Tag: Compassion

Jesus in a box

Maria and Carlos and their two children live on a hillside outside Santiago, Dominican Republic. Their home is pieced together with thin boards. Wide gaps allow sunbeams as well as thunderstorms to enter. This family of four share a bed under a simple tin roof.

Samuel lives with his sick grandmother in a Maasai village near Arusha, Tanzania. My eyes worked to adjust to the darkness inside their hut. The guide asked if I would pray for this woman as we knelt beside her bed. How soon would Samuel be alone in this world?

Home visits are the heartbeat of Compassion trips. Stepping into homes, shrinks my world and humbles my soul. I observe the challenging living conditions of children and I am forever changed.

At the end of each home visit, a box is presented to the family containing staples such as rice, beans, and cooking oil. Items to fill their shelves and their stomachs.

Following a home visit in Tanzania, I walked to the bus with Pastor Joseph. I chattered about the box and how it blessed the family. He responded it wasn’t about the contents of the box, but the love behind the box. The box reminds the family they are loved. The box is a love gift: Jesus in a box.

Jesus visited people’s homes. He sat, ate, and loved people in their familiar surroundings. The Christ-centeredness of Compassion is demonstrated with every box presented. Jesus in a box exemplifies Compassion’s mission: Food to fill their stomach given with love in Jesus’ Name provides hope for their soul.

When they unwrap Jesus in cardboard, families experience love and blessings. They see Jesus. I witnessed this Spirit-fueled phenomena with Maria and Carlos. In the presence of their two children, they prayed to receive Jesus into their hearts.

Jesus came out of the box and entered their hearts.

And now these three remain: faith, hope and love. But the greatest of these is love. 1 Corinthians 13:13 (NIV)



One year ago.

Flashback:  June 2, 2016       Karatu, Tanzania                 

How much love can a heart hold? When blessed with the opportunity to love deeper and wider, my heart expanded just like my elastic waistband pants.  As the youngest and poorest surrounded me in Karatu, Tanzania,  I freely loved and kept loving. As the Grinch’s heart grew 3 times bigger on Mt. Crumpit, mine enlarged with each wonderful encounter.

 While my husband and his Compassion International teammates climbed Mt. Kilimanjaro, I loved the children everywhere I went. Each day was a holy appointment with Jesus’ favorite people: children. Back from a trip to a squatty potty, I veered off the path to visit with  children gathered around a rusty swing set. I bent low,  lifted up a child, and loved. These children were not part of the Compassion program. They needed a bath and love. They were dressed in ragged clothing and were perfectly wonderful.  My heart shifted into overdrive.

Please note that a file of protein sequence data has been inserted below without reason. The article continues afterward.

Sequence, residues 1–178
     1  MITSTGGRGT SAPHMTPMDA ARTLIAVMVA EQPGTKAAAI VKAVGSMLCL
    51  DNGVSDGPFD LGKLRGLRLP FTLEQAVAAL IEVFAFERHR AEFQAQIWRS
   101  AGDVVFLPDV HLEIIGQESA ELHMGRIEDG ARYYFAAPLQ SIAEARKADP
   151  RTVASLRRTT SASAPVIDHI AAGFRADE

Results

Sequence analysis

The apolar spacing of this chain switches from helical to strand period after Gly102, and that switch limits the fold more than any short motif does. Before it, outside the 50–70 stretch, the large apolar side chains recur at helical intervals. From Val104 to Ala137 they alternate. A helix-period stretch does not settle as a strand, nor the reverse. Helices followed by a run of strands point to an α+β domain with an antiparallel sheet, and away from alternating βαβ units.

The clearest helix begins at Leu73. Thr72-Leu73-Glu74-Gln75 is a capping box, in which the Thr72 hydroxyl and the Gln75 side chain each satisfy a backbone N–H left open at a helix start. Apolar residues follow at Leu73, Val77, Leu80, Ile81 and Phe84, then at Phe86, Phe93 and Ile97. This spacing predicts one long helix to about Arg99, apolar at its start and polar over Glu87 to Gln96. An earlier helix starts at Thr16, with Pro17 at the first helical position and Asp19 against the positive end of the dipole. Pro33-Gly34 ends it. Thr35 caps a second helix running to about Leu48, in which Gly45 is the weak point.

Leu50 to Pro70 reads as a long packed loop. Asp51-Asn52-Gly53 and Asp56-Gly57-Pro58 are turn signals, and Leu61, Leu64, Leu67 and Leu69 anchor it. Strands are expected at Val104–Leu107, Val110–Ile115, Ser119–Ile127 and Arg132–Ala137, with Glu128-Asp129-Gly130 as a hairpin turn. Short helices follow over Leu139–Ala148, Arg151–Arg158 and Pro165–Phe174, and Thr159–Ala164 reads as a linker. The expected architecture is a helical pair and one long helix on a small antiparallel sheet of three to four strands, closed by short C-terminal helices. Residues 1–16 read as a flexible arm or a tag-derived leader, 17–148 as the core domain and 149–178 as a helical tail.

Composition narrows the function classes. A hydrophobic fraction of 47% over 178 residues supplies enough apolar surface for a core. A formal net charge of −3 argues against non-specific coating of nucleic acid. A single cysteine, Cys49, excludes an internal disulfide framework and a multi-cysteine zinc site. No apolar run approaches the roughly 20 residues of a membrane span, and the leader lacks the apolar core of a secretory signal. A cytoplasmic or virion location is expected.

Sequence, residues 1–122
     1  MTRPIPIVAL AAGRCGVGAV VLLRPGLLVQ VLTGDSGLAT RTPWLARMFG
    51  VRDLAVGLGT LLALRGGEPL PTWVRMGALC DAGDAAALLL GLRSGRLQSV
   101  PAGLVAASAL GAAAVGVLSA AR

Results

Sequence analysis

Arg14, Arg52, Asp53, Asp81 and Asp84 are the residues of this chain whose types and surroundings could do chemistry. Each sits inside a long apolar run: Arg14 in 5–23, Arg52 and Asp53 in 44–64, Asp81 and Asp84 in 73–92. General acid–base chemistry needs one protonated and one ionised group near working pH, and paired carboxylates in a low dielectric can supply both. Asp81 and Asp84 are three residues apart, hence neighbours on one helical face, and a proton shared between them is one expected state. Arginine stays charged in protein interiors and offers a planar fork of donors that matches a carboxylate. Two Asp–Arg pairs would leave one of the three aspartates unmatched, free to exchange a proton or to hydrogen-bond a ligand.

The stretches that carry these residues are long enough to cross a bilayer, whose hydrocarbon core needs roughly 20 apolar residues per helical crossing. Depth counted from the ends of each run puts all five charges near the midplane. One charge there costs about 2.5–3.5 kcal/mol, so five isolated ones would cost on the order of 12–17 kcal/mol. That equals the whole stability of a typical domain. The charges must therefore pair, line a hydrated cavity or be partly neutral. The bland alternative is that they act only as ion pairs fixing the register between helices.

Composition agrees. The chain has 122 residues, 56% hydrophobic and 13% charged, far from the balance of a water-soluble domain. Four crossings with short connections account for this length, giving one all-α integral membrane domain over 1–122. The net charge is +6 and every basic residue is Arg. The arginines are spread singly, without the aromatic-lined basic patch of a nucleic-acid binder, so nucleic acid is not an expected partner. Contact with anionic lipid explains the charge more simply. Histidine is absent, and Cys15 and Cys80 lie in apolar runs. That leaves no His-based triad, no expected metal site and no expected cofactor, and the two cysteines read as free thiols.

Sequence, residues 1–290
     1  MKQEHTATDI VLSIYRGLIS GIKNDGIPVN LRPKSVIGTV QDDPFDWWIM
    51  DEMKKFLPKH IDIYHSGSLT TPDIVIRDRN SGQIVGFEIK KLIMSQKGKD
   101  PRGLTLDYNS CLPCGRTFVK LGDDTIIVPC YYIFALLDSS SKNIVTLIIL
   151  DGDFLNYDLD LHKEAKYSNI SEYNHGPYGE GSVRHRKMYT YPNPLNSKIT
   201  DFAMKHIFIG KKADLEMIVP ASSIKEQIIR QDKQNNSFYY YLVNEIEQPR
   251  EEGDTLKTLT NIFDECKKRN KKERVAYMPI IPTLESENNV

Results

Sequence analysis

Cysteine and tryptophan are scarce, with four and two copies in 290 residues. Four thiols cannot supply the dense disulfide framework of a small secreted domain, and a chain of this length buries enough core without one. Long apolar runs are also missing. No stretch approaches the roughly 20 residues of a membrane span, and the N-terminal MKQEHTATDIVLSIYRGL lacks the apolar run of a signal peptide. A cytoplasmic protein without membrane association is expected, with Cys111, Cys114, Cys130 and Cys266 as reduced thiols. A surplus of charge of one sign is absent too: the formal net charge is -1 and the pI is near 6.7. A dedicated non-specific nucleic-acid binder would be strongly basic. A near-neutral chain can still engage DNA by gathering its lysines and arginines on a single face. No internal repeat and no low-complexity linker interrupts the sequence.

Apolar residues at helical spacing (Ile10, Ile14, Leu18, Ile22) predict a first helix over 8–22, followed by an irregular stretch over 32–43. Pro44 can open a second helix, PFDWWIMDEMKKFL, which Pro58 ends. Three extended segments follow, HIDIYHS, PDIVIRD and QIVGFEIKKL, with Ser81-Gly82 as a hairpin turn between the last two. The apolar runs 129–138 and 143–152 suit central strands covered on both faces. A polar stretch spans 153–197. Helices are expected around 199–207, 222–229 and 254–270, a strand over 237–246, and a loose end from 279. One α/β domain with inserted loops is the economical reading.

Flashback: June 2, 2016       Karatu, Tanzania     

Surrounded by precious children; giggling and ready to be loved. I soaked in their love. I touched their faces and kissed their foreheads. We laughed together as I rubbed and rubbed convincing them my skin really is this color. Loving and laughing: what every childhood should be filled with.

Then they sang to me. Twinkle, Twinkle little star, how I wonder what you are. These small twinkling stars standing in the dusty earth of Tanzania sang about far off shining lights. Worlds apart but the same twinkling lights. I clapped enthusiastically during my private concert; thrilled and honored to be here.

Up above the world so high, like a diamond in the sky. Do they know they are more precious than diamonds? Twinkle, twinkle little star, how I wonder what you are. 


Flashback: June 4, 2016       Arusha, Tanzania                      

My husband enjoyed spectacular views from above the clouds, trekking to 19, 341 feet at the summit.  A step closer to Heaven, perhaps. But my eyes beheld beauty of a different sort, yet no less amazing. Beautiful faces dotted with bright and kind eyes. An offer to hold their small hands, to touch and to know love. I reached out and connected. A perfect fit. Love never lets go.


Flashbacks, always reminding me.  Now these three remain: faith, hope and love. But the greatest of these is love. 1 Corinthians 13:13


tug of war

Writer’s block: when the words won’t come. That’s not my problem. I can think of words, plenty of words. Lots and lots of bottled-up words.  My struggle is how to convey the emotions behind the words. How do I connect the words with the myriad of feelings? There is a tug of war between my head and my heart. Facts vs. Feelings. To share, deeply share, will bring tears. A flood, perhaps. What will happen if I remove my finger from the dike? Will the tears ever stop?

My husband and the Compassion Team spent a week climbing Mt. Kilimanjaro. My week was spent on the dusty back roads and in the modest homes of Tanzanian families. What I witnessed was too hard, too unfair, too sad, too lovely, too everything.  At times, it seemed more challenging than climbing to 19,500 feet. The Team had to struggle for each breath at the high altitude. On ground level, I was struggling to make sense of everything around me; leaving me breathless at times.